henry de bracton

Encyclopedia

henry de bracton

leading medieval English jurist and author of De legibus et consuetudinibus Angliae (c. 1235; "On the Laws and Customs of England"), one of the oldest systematic treatises on the common law. While depending chiefly on English judicial decisions and the methods of pleading required by English judges, Bracton enlarged the common law with principles derived from both Roman (civil) law and canon law. De legibus shows the influence of several European continental jurists-notably Azzone (Azo), a Bolognese glossator of Roman law-and its style suggests that he was trained at Oxford, which then was the centre for the study of civil law in England. Bracton's work did not have a lasting impact on studies of the common law on the European continent, a fact indicative of the comparative unimportance of systematic scholarly exposition of the common law.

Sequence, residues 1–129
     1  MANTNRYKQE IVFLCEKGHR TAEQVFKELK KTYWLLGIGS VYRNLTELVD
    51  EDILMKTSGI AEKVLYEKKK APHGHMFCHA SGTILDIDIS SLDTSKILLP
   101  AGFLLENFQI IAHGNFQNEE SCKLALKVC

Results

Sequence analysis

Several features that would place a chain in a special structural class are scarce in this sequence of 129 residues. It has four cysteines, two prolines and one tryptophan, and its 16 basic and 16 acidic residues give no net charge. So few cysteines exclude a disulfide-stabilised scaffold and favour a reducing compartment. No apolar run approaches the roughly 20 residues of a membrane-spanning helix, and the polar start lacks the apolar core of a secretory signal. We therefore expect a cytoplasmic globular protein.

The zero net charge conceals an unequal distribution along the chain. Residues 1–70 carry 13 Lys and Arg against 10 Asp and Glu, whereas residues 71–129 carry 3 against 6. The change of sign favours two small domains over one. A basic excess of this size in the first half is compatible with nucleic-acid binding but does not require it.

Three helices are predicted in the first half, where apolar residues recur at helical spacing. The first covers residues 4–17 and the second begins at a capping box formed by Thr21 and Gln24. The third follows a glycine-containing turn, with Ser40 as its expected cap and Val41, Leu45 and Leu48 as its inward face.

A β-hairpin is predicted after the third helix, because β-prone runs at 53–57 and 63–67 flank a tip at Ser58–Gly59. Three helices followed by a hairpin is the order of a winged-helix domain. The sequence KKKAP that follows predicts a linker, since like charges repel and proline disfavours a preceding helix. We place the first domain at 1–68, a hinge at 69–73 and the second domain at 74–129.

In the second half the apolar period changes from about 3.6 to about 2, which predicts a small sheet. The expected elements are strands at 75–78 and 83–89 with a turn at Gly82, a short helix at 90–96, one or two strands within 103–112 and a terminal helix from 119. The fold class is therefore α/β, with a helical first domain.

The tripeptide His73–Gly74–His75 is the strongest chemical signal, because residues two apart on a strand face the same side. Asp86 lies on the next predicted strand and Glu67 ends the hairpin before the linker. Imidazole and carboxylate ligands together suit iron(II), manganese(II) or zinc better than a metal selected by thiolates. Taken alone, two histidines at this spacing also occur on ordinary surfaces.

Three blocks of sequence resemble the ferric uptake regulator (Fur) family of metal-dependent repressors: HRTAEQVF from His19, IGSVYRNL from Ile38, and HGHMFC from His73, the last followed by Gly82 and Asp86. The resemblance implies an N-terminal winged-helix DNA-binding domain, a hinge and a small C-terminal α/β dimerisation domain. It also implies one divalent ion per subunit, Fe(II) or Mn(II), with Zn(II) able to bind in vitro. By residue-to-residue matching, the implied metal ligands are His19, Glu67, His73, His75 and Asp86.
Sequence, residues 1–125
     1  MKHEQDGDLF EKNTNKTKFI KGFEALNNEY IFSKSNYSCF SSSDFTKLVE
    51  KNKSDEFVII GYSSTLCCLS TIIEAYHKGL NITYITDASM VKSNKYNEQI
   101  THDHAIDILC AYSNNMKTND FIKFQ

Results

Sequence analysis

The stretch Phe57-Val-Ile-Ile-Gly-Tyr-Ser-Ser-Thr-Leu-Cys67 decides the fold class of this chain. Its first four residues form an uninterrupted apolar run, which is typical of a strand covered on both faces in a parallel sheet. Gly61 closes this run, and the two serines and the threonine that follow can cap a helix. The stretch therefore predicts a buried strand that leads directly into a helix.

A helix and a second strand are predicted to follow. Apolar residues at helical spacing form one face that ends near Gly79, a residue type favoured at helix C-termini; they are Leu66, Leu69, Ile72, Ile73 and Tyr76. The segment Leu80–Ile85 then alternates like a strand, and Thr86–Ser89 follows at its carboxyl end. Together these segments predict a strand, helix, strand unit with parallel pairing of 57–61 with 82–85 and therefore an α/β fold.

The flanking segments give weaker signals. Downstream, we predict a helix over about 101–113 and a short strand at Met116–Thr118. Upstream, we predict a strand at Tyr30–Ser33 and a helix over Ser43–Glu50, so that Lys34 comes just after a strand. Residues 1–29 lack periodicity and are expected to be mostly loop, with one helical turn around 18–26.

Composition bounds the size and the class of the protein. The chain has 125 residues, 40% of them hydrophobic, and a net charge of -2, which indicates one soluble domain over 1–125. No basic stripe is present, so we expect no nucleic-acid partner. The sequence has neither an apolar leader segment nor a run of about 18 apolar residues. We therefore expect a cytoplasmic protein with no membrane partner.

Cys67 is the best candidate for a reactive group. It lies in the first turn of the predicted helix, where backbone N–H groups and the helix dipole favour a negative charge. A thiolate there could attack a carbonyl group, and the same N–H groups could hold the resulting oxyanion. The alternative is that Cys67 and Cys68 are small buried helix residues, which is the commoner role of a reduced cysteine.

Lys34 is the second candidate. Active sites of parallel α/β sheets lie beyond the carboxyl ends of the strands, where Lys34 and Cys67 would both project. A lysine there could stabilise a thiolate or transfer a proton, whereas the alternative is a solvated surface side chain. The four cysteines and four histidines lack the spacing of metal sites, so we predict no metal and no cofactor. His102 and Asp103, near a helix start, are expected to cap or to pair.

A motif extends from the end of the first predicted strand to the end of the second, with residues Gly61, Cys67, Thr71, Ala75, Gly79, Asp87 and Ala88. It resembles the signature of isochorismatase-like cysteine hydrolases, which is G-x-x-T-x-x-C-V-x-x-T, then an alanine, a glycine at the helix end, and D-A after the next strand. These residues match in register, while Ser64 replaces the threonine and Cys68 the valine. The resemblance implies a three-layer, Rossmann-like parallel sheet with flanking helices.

Learn more about Bracton, Henry de with a free trial on Britannica.com.

Encyclopedia Britannica, 2008. Encyclopedia Britannica Online.
Cite This Source
Explore Dictionary.com
Previous Definition: henry david thoreau
Next Definition: henry de montherlant
Words Near: henry de bracton
More from Thesaurus.com
Synonyms and Antonyms for henry de bracton
More from Reference.com
Search for articles containing henry de bracton
Dictionary.com Word FAQs

Dictionary.com presents 366 FAQs, incorporating some of the frequently asked questions from the past with newer queries.

Copyright © 2014 Dictionary.com, LLC. All rights reserved.
  • Please Login or Sign Up to use the Recent Searches feature
FAVORITES
RECENT

;